Under the provisions of the Pennsylvania Foreign Corporations Act and the Fictitious Names Act, *fn1" a firm engaged in business in Pennsylvania without proper registration becomes subject to certain penalties, and such non-compliance constitutes a valid defense to any action brought by such firm, until registration is completed. Failure to register, however, does not make the defaulting organization any less amenable to process, and the fact of non-registration is not available to it as a defense. If the defendant were engaged in business in Pennsylvania, and subject to process under the Pennsylvania practice, it was not any less within the jurisdiction for failure to register. On this score, it is significant to note that the plaintiff's counter-affidavits do not assert that the defendant was not engaged in business in Pennsylvania or did not have a local office. Of course, the decision referred to is not binding upon either party in the instant case, and the statement that defendant was not within the jurisdiction is a conclusion which should be for the court to determine.

 More important, the mere assertion that the defendant was not within the jurisdiction is insufficient, under Pennsylvania law, to toll the statute of limitations. In order to be effective for that purpose, the affidavit should contain evidence that the defendant was within the jurisdiction, but absented itself after the alleged cause of action accrued. Thus, Section 1, P.L. 112, May 22, 1895, 12 P.S. 40, provides:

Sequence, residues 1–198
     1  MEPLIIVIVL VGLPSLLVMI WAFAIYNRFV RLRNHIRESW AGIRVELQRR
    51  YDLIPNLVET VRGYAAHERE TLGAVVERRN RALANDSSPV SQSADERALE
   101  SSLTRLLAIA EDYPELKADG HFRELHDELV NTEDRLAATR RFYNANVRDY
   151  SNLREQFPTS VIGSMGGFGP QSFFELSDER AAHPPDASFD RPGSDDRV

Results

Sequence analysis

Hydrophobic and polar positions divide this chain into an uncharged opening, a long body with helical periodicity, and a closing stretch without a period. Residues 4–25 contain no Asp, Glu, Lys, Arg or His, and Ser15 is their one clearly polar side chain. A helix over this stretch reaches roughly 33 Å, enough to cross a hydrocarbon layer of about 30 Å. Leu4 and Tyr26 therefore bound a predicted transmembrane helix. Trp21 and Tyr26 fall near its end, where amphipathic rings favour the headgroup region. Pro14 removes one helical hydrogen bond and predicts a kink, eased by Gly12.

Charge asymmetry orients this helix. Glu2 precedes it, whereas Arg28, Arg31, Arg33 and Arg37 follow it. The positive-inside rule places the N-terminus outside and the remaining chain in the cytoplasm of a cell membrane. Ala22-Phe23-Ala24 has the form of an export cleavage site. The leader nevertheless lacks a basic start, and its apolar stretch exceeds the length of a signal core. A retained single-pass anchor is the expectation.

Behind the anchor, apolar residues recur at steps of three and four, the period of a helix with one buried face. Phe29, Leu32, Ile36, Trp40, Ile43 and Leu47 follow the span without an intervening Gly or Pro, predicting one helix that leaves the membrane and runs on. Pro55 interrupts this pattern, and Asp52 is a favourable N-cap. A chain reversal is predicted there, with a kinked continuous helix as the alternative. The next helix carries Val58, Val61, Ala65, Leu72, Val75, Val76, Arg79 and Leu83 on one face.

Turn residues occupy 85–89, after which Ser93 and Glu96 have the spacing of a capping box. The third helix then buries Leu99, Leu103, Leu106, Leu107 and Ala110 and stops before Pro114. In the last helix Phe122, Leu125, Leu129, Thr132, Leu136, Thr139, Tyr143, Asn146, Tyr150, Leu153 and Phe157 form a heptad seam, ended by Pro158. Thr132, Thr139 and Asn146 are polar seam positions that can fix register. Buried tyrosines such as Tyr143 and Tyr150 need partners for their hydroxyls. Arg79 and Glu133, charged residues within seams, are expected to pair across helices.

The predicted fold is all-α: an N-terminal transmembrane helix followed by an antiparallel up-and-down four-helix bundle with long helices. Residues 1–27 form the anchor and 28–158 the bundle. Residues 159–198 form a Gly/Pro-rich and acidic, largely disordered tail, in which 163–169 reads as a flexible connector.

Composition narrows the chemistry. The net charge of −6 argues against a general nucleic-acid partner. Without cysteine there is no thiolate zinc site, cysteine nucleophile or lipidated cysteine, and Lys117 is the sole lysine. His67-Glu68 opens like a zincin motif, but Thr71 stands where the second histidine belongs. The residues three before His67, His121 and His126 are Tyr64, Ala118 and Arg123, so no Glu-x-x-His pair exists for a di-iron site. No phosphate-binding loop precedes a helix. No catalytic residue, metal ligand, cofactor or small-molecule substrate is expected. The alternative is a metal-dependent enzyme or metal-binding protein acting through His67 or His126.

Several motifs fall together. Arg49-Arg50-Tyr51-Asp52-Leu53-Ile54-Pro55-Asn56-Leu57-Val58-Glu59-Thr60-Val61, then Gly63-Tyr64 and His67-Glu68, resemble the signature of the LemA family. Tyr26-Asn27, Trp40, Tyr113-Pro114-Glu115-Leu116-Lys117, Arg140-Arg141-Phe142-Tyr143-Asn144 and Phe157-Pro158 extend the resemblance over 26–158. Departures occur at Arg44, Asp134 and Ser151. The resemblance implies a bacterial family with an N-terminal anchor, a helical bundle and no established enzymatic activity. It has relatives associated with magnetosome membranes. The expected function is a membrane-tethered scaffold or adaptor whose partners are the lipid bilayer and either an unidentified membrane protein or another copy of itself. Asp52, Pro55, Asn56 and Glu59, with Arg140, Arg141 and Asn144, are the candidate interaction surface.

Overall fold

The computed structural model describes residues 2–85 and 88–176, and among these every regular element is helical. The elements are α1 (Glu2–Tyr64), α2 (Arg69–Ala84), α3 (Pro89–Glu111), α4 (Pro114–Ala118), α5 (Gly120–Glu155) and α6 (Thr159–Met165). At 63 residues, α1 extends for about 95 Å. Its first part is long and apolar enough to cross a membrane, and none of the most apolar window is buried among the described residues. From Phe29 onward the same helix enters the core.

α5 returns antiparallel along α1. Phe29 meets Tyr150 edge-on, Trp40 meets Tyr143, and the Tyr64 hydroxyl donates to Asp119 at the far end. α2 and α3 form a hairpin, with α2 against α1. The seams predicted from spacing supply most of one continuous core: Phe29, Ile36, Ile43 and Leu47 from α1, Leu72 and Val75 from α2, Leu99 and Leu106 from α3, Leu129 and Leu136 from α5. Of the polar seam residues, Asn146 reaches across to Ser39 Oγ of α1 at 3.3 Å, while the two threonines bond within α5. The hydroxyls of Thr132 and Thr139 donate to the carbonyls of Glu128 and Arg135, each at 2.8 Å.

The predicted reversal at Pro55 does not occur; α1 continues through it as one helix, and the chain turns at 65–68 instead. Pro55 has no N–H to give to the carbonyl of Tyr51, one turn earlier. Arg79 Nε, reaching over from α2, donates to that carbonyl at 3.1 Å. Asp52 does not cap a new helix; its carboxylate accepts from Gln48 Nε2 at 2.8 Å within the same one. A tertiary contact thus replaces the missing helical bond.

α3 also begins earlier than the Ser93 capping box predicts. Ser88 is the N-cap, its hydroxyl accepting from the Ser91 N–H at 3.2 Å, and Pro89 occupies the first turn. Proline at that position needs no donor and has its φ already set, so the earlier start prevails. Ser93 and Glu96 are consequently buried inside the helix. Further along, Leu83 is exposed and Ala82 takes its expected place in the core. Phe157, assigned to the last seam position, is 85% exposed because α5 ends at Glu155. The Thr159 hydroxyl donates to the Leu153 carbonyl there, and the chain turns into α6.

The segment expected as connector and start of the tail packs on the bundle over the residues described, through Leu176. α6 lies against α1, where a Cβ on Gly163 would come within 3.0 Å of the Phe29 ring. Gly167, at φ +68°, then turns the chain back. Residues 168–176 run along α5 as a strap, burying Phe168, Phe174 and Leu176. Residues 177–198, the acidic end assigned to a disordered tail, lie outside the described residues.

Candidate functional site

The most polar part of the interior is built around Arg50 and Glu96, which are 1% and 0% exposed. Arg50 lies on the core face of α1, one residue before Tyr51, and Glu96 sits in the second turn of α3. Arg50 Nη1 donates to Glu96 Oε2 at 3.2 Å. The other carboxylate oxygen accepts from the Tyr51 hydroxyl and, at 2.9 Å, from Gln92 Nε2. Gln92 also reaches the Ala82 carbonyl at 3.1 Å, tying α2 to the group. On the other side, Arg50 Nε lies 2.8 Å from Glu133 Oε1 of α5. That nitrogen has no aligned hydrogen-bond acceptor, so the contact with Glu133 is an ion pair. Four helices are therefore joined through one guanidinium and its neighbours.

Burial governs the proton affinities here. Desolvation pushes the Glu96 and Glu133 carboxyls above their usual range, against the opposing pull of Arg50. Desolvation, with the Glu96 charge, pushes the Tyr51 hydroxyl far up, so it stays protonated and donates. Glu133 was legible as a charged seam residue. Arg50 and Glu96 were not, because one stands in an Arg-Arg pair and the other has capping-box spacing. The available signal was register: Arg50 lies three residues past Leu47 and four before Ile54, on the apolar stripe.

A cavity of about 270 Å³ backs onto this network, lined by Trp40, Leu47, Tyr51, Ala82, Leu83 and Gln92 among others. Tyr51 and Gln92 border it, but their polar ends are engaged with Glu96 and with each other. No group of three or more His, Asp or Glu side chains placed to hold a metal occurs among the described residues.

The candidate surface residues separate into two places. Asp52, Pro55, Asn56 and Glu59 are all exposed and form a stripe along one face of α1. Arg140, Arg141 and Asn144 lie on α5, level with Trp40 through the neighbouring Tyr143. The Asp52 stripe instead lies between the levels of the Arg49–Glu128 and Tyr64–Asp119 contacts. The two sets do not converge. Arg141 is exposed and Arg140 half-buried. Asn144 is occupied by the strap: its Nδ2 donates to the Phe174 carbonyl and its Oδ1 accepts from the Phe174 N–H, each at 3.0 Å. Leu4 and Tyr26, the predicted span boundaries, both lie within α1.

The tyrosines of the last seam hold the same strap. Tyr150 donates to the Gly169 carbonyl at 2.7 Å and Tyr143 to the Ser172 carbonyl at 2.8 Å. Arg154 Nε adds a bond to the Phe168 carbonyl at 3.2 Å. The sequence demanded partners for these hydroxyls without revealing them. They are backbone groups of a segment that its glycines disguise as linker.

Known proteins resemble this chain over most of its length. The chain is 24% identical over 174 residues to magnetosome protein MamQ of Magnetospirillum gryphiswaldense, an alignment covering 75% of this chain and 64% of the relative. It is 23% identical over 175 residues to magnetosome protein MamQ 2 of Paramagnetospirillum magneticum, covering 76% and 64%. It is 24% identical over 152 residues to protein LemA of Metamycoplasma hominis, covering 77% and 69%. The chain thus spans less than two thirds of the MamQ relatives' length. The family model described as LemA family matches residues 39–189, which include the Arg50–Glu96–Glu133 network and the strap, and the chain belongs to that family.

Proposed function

'In all civil suits and actions in which the cause of action shall have arisen within this state the defendant or defendants in such suit or action, who shall have become a non-resident of the state after said cause of action shall have arisen, shall not have the benefit of any statute of this state for the limitations of actions during the period of such residence without the state.'

 To dispel any doubt as to the proper construction of this statute, in Hunter v. Bremer, 1917, 256 Pa. 257, at page 264, 100 A. 809, at page 811, Ann.Cas. 1918A, 152, the Supreme Court said:

 'In considering the present statute * * * , in Bates v. Collum, 177 Pa. 633, 637, 35 A. 861, 862, 34 L.R.A. 440, 55 Am.St.Rep. 753, we said: 'It applies to 'all civil suits * * * in which the cause of action shall have arisen within this state' ( Shaffer's Est., 228 Pa. 36, 40, 76 A. 716). It affects all defendants 'who shall have become nonresidents * * * after said cause of action shall have arisen" -- meaning, necessarily, defendants who had a residence at the time the cause of action arose, else they could not 'become' nonresidents.'

 If the statute is at all applicable to corporate defendants, it would seem that the plaintiff's affidavit must, in order to bring the statute into operation, contain evidence that prior to the time the cause of action arose, the defendant was in the state in such a way as to make it amenable to process, for as stated in Hunter v. Bremer, supra, 256 Pa.at page 264, 100 A.at page 812, Ann.Cas. 1918A, 152, the Act 'contemplates simply a residence of such permanency that the person in question may be found here and served with ordinary legal process at any time, generally speaking. The existence of such a residence constitutes one a resident within the meaning of the act, and, on the other hand, its absence makes him a nonresident.'